It’s hard to believe that almost 1.5 million people per year have to be hospitalized for a urinary tract infection (UTI). Women are the most susceptible to UTIs due to female anatomy. UTIs are typically limited to the bladder which leaves the patient with pain. Serious consequences occur when the UTI spreads to the kidneys; hence it is important to get care as soon as possible.
What causes UTI
Almost everyone has some risk of getting a UTI but some people are more prone to getting UTIs than others:
- Anyone with an abnormality of the urinary tract that obstructs the flow of urine such as a a kidney stone or enlarged prostate
- People with diabetes or problems with the body’s natural defense system
- Sexual activity that can move microbes from the bowel or vaginal cavity to the urethral opening.
- Use of catheters, or tubes, placed in the urethra and bladder. Catheters interfere with the body’s ability to clear microbes from the urinary tract.
- People with spinal cord injuries or other nerve damage near the bladder may have a difficult time emptying their bladder completely and bacteria can grow and stay in the bladder.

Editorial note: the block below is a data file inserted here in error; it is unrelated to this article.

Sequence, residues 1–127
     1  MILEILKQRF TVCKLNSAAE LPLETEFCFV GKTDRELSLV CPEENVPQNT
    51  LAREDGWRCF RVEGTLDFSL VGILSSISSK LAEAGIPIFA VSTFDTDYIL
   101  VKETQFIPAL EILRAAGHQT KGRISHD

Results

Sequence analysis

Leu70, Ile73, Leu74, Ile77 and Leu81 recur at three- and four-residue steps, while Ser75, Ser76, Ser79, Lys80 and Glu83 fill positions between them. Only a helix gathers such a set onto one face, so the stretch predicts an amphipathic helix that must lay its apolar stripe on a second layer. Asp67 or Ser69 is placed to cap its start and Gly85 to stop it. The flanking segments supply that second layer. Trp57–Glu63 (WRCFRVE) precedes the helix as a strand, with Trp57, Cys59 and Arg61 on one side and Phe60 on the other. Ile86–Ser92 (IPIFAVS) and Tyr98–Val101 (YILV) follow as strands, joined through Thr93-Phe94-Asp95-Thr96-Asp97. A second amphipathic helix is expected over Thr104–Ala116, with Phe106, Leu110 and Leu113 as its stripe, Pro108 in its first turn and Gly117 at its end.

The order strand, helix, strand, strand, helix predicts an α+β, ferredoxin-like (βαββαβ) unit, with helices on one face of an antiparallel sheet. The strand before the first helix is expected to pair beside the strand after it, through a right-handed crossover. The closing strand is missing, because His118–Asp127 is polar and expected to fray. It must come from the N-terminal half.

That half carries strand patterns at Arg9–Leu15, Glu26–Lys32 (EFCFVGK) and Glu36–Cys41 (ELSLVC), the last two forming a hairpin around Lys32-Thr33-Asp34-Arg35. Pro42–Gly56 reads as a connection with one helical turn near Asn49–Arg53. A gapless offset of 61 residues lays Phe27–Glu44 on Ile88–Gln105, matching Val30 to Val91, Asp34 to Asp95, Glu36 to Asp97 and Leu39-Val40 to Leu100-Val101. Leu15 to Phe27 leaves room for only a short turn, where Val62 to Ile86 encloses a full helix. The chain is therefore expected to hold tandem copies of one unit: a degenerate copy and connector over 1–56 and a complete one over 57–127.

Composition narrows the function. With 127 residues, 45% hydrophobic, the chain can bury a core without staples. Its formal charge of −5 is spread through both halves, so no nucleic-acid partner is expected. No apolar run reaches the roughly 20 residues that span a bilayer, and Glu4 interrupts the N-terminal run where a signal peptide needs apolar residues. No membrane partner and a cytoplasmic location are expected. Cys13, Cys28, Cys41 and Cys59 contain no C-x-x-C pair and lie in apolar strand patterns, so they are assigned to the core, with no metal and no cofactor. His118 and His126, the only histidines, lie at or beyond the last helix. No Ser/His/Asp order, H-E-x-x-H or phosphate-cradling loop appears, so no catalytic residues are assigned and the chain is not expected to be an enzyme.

How are UTIs diagnosed?
Typically, your health provider will ask about your urinary symptoms and then they will test a sample of urine to see if bacteria is present and to see if white blood cells are present. If white blood cells are present it is because they are being produced to fight infection. Bacteria can be found in the urine of healthy individuals also, so a UTI is diagnosed by symptoms and laboratory tests. The person will be asked to give a “clean catch” urine sample by washing the genital area and collecting a “midstream” sample of urine in a sterile container. This method of collecting urine helps prevent bacteria around the genital area from getting into the sample and confusing the test results. Those people who have recurring infections may need to have the urine cultured. The urine sample is put in a dish and the bacteria is encouraged to grow. This assists with identifying the type of bacteria and may help determine the appropriate antibiotics to treat the infection.
How are UTIs treated?
Most UTIs are caused by bacteria so the treatment of choice is antibiotics or antimicrobials. Which type of medication and the length of taking the medication is dependent on the type of bacteria, patient history and other causes of infection.
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